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A dual-band antenna for a sounding rocket

Sounding rockets are relatively small rockets developed primarily for high-altitude experiments, and are used in many academic and low-cost research missions. Antennas for sounding rockets need to be compact, lightweight, omnidirectional and have a form factor that allows them to be integrated on the rocket without causing drag, which can make their design challenging. A group at ENSEIRB-MATMECA, Bordeaux Institute of Technology, used CST STUDIO SUITE to develop a low cost antenna that can be integrated into the nose cone of a rocket and transmit payload and telemetry data in the 869.4–869.65 MHz and 2.4–2.4835 GHz frequency bands.

In the course of flight, the maximum distance between the rocket and the ground base station is 2.5 km, and the elevation relative to the base station varies between 90° and 160° (Figure 1). However, to minimise the risk from malfunctions such as parachute failures, the antenna was designed to have maximal elevation coverage. Full specifications can be found in [1] – the most critical is that in the upper band, the maximum allowed gain variation is 8.7 dB.


A diagram of the rocket’s flight. Over the course of the flight, the angle between the rocket and base station varies considerably.
Figure 1: A diagram of the rocket’s flight. Over the course of the flight, the angle between the rocket and base station varies considerably.

To avoid having any part of the antenna protrude out of the rocket and cause drag, the entire thing is integrated inside the fiber-epoxy nose cone. Although a broadband monopole would be one possible solution, it has few degrees of freedom and this makes it difficult to minimize coupling to the rocket fuselage. A bicone antenna has more degrees of freedom, and can be constructed in a cross-pattern that achieves a low weight but omnidirectional performance (Figure 2).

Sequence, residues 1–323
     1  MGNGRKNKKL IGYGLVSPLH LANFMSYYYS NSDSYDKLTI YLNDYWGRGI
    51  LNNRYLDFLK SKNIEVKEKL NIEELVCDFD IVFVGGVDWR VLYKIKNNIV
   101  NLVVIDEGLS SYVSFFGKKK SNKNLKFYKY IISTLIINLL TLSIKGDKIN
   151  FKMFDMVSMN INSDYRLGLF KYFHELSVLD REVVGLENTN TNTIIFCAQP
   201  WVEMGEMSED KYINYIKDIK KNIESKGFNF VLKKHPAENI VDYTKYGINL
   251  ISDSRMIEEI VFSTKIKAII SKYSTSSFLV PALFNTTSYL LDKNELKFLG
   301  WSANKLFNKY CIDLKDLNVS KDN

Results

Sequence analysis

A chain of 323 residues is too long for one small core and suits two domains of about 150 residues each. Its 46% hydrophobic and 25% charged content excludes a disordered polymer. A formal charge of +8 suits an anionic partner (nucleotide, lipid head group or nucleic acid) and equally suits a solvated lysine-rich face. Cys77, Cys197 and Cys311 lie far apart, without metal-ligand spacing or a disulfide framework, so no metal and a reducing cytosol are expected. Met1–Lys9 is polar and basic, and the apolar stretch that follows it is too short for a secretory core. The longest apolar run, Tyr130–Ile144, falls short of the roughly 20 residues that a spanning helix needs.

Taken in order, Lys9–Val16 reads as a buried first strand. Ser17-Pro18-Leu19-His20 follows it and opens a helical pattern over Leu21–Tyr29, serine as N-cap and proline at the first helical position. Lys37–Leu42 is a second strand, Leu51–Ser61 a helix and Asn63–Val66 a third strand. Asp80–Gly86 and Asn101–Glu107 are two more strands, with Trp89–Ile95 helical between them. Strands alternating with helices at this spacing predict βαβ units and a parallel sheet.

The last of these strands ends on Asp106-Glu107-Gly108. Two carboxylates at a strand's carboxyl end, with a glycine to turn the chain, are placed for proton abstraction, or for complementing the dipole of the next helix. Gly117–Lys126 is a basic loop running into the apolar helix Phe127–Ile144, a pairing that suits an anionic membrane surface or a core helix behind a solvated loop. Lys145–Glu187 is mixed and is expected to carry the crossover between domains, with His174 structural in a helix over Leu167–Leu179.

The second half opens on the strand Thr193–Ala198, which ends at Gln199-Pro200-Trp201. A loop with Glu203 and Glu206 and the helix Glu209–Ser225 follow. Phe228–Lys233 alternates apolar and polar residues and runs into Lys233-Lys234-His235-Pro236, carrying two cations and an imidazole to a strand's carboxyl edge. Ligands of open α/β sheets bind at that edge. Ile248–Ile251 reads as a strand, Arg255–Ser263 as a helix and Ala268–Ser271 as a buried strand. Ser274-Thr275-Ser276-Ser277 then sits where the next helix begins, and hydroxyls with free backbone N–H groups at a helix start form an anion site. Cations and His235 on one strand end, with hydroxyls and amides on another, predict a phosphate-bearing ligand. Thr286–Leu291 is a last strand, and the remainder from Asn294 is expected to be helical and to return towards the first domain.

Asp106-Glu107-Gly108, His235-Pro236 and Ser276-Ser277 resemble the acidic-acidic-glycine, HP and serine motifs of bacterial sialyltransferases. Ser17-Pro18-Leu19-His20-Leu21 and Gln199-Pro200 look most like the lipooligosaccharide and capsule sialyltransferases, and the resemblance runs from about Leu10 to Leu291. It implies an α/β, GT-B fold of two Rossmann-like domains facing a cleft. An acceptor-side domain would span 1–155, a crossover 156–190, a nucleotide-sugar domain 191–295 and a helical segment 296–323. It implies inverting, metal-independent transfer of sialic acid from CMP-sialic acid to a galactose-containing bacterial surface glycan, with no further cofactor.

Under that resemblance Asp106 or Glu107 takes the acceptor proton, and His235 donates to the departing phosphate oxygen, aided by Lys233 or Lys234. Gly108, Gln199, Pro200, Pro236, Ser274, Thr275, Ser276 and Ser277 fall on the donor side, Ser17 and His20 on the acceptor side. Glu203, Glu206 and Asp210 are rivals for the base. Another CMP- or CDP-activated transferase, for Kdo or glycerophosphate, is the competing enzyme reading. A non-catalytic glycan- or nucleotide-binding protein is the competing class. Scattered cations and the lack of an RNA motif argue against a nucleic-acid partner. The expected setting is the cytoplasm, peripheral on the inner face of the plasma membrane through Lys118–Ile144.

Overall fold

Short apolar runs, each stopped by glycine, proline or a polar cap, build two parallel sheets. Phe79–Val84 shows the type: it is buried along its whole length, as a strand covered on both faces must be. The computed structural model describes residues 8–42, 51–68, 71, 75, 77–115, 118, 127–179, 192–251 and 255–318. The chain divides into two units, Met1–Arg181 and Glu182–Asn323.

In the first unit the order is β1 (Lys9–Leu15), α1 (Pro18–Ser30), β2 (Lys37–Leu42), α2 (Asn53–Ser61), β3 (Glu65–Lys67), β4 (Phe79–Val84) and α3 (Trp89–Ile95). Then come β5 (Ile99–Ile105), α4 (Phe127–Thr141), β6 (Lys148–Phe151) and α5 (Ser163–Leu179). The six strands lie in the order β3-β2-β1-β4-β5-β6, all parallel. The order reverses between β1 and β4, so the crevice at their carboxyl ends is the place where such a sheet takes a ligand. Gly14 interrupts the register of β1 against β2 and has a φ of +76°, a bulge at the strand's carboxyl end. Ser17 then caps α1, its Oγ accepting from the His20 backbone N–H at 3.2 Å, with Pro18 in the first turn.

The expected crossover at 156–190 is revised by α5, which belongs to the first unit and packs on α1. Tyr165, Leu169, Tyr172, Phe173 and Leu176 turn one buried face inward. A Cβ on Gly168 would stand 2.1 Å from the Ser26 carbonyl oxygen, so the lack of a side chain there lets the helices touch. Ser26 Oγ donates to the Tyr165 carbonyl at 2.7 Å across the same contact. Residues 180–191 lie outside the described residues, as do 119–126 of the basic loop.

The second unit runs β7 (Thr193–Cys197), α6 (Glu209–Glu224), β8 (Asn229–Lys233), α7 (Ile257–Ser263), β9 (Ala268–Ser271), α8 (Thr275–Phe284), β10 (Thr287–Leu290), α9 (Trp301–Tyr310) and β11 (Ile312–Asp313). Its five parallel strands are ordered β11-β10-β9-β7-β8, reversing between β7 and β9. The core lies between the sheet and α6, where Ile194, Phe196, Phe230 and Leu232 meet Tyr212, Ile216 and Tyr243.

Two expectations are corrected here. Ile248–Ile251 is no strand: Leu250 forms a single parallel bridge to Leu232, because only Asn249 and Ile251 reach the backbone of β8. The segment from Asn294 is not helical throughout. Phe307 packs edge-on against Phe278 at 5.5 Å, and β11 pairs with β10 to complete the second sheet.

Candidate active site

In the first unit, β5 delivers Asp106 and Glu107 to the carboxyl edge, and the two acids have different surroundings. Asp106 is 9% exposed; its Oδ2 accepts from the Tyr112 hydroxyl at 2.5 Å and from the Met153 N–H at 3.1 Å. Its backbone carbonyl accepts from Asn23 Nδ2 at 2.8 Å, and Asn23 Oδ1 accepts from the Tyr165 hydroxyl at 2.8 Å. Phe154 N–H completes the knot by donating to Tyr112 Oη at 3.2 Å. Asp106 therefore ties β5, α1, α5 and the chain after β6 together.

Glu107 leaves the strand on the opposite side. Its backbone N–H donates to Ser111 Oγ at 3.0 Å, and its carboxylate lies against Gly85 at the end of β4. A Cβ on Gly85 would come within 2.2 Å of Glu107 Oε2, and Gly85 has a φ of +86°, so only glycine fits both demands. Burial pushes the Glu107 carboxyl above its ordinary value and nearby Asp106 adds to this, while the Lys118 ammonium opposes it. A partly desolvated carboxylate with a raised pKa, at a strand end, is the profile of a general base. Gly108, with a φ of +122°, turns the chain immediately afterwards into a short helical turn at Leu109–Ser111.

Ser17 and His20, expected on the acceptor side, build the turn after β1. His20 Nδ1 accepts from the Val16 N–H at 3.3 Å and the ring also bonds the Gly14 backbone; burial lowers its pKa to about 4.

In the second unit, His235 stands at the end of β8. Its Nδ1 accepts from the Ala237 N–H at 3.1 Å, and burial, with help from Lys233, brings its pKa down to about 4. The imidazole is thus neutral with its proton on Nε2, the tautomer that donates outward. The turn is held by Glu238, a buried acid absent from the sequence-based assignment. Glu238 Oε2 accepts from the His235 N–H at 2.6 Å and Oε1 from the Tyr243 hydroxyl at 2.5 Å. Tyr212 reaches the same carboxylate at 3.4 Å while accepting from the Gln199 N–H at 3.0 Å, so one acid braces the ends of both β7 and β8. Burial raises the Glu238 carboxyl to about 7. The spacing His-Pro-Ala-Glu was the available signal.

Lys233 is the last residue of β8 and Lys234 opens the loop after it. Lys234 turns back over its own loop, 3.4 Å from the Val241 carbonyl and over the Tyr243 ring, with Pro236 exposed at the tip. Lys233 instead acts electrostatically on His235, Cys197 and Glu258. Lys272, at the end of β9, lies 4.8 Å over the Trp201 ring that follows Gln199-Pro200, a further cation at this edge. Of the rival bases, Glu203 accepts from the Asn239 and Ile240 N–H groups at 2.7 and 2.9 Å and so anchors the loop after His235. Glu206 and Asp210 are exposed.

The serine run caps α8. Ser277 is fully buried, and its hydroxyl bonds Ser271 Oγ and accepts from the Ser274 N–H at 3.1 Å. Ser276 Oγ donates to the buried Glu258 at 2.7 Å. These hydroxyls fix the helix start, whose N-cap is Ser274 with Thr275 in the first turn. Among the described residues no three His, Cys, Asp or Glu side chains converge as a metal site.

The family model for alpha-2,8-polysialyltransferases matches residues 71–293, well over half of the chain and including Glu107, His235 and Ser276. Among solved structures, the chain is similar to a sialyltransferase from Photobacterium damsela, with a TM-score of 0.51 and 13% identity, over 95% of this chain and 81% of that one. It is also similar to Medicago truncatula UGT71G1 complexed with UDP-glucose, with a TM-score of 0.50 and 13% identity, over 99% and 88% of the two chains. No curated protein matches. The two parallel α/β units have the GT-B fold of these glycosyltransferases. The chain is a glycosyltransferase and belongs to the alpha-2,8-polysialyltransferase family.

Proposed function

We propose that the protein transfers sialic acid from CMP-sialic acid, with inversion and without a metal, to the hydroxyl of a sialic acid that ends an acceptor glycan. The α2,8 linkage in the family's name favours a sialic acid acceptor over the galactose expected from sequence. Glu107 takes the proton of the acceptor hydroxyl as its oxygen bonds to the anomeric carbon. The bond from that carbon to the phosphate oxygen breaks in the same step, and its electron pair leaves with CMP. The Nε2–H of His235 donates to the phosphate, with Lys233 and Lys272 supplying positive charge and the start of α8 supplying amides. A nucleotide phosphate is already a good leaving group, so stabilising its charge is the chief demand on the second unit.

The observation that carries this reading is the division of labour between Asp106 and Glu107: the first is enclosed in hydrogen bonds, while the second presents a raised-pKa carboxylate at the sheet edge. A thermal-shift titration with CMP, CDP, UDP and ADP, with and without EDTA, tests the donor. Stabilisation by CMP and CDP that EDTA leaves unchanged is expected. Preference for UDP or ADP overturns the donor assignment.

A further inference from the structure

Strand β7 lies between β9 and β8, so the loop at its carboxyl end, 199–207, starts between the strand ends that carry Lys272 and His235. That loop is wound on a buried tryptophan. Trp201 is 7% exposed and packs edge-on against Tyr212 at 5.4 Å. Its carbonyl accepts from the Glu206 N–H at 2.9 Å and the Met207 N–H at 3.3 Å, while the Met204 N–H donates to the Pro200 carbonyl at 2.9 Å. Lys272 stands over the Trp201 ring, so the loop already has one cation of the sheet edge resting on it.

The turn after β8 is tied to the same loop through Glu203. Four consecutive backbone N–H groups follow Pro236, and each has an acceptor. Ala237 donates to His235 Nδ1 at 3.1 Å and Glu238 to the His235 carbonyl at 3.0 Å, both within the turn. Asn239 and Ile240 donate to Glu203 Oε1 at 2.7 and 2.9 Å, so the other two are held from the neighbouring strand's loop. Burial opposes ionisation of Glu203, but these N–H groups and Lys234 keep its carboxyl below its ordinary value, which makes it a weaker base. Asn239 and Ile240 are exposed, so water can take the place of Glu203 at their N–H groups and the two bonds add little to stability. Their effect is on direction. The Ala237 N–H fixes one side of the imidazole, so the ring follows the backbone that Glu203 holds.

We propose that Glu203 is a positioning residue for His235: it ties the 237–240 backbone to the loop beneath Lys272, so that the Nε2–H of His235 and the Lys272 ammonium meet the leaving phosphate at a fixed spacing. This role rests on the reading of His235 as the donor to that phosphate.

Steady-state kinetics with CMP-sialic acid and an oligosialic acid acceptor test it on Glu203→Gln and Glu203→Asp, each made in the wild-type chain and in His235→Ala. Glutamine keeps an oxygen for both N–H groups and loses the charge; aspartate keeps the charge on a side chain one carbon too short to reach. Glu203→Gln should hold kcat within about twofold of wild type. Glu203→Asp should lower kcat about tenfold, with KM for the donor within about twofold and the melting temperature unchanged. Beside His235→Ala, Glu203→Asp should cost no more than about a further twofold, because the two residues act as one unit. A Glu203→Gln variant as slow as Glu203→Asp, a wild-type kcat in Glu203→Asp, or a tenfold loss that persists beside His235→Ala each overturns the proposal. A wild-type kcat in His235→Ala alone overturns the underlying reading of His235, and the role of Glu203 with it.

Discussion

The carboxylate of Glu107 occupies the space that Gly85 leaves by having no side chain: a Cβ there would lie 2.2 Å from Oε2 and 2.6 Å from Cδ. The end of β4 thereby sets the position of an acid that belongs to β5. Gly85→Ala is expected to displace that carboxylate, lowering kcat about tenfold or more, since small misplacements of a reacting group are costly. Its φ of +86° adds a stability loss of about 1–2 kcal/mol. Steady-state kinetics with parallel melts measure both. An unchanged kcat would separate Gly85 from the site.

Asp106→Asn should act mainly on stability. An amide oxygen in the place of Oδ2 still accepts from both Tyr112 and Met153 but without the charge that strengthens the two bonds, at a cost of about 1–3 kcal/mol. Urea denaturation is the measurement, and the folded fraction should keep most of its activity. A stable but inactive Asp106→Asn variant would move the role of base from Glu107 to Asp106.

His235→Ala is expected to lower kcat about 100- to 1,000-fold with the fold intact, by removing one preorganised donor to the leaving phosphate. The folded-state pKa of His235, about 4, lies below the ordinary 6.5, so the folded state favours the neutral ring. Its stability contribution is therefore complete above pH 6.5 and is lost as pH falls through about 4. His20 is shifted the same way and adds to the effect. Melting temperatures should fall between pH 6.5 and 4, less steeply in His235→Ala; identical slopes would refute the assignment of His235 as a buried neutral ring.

The antenna design. Full dimensions are available in [1].
Figure 2: The antenna design. Full dimensions are available in [1].

In order to find a design that meets the specifications, the group optimized the antenna parameters using the time domain solver in CST STUDIO SUITE®. Sweeping the parameter g (the gap between the upper and lower halves) allowed the group to impedance match the antenna in both bands (Figure 3 and 4), chosing g = 1mm as the optimum.


(a) Real and (b) imaginary part of antenna impedance Z11 versus g.
Figure 3: (a) Real and (b) imaginary part of antenna impedance Z11 versus g.


Antenna |S11| versus g.
Figure 4: Antenna |S11| versus g.

In designing the length of the taper (L11), there needs to be a compromise between two competing effects. Simulation revealed that increasing L11 reduces the coupling between the antenna and surface waves on the rocket body at 2.45 GHz, and therefore improves the coverage of the antenna. However, this also has the effect of reducing the gain of the antenna. A parameter sweep of L11 from 20 mm to 50 mm found that the best compromise was found at L11 = 40 mm, where the 8.7 dB gain variation range at 2.45 GHz is ? = 18° to 177° (Figure 5).


Simulated elevation radiation patterns, for ?=0°, for varying L11 on a 1.8-m-long fuselage at (left) 869.5 MHz and (right) 2.45 GHz.
Figure 5: Simulated elevation radiation patterns, for ?=0°, for varying L11 on a 1.8-m-long fuselage at (left) 869.5 MHz and (right) 2.45 GHz.

A prototype was constructed (Figure 6), and good agreement was found between the measured and simulated results (Figure 7) – simulation also allowed the performance of the antenna to be analysed as installed on the full-size rocket, which would not fit in the measurement chamber. The antenna met the requirements and was integrated into the Project Artemis rocket, which subsequently won the 2015 Prix Espace et Industrie (Space and Industry Prize) from the French government space agency CNES.


The antenna under test, on a section of rocket fuselage. Students would like to thank the Poly-Grames research center, Montréal, Canada, for the measurement.
Figure 6: The antenna under test, on a section of rocket fuselage. Students would like to thank the Poly-Grames research center, Montréal, Canada, for the measurement.


Radiation patterns at (a) 869.5 MHz and (b) 2.45 GHz at ?=0 – measured and simulated on a 0.28 m section of fuselage, and simulated on the full 1.8 m fuselage.
Figure 7: Radiation patterns at (a) 869.5 MHz and (b) 2.45 GHz at ?=0 – measured and simulated on a 0.28 m section of fuselage, and simulated on the full 1.8 m fuselage.

References

[1] J. Prades, A. Ghiotto, E. Kerhervé and K. Wu, "Broadband Sounding Rocket Antenna for Dual-Band Telemetric and Payload Data Transmission," in IEEE Antennas and Wireless Propagation Letters, vol. 15, pp. 540-543, 2016. doi: 10.1109/LAWP.2015.2457338


CST Article "A dual-band antenna for a sounding rocket"
last modified 17. May 2016 4:34
printed 30. Apr 2017 12:46, Article ID 1086
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